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What Are the Different Types Of Anger?

Frustration can lead to anger.
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  • Written By: Lily Ruha
  • Edited By: A. Joseph
  • Last Modified Date: 10 April 2014
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The different types of anger include negative feelings toward one's self, toward others and toward collective behaviors that are perceived as unjust or immoral. In self-directed anger, a person might feel unhappy about his or her failures or behaviors. Anger toward others typically involves feeling threatened, disrespected or misunderstood. Repressed anger is a pattern of continually ignoring frustrations and misidentifying negative feelings as tiredness or sadness. Righteous indignation also is among the various types of anger, involving negative feelings about violations of personal or societal moral codes or values.

Anger directed at the self is a common type of anger. Feeling frustrated, irritated or ashamed of one's actions can lead to perpetual self-dissatisfaction. Failing to study for an exam, for example, and receiving a poor grade might lead to feelings of regret and anger. Causing harm to others after consuming too much alcohol or drugs is another possible cause of feeling angry and blaming oneself. Any behavior by a person that violates his or her own values and moral beliefs might result in self-directed anger and regret.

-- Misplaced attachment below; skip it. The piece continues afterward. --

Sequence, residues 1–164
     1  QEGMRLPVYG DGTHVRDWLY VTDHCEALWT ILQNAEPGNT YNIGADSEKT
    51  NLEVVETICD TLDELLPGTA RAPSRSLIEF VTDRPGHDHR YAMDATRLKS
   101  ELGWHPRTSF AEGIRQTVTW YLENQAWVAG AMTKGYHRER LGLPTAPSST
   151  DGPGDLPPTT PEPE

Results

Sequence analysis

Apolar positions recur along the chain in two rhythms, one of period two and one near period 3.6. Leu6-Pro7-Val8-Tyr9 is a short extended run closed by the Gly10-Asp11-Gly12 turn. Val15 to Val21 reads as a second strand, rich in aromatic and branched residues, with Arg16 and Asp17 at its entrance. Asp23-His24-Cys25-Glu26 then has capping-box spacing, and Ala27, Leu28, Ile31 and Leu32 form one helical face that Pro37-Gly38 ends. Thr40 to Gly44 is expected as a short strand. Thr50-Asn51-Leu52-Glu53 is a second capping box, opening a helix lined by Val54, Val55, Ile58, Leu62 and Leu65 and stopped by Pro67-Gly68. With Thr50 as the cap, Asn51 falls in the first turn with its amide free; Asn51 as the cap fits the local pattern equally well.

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Feeling frustrated and annoyed with others also is one of the common types of anger. The threat of losing a valuable relationship, object or way of life can result in anger toward another person or group. Being constantly criticized, belittled or disrespected might cause feelings of anger toward others. A person might interpret his or her spouse's critical words as a threat to the relationship. Working hard toward a significant goal and failing to accomplish it might cause feelings of anger toward anyone who is perceived as the being cause of or contributing to the failure.

In repressed anger, a person perpetually denies frustrations and/or misidentifies them as sadness or excessive worry. Over time, ignoring anger or pretending that it is not present might develop into explosive rage for some people. Repressed anger sometimes leads to health issues, such as chronic headaches, digestive issues or skin problems. Some of the reasons for repressing anger might include personal fears, cultural norms and family beliefs or religious beliefs about expressing anger.

Righteous indignation is one of the types of anger that is often categorized as a healthy and justified expression of anger. This form of anger involves expressing disapproval of actions that violate moral, societal, religious or cultural values. Feeling anger toward a person who is abusing a child, for example, falls into this category. Developing negative feelings about a government that consistently discriminates against a subsection of the population is another example. Many people believe that addressing the cause of anger in such cases leads to societal improvements and healthier relationships.

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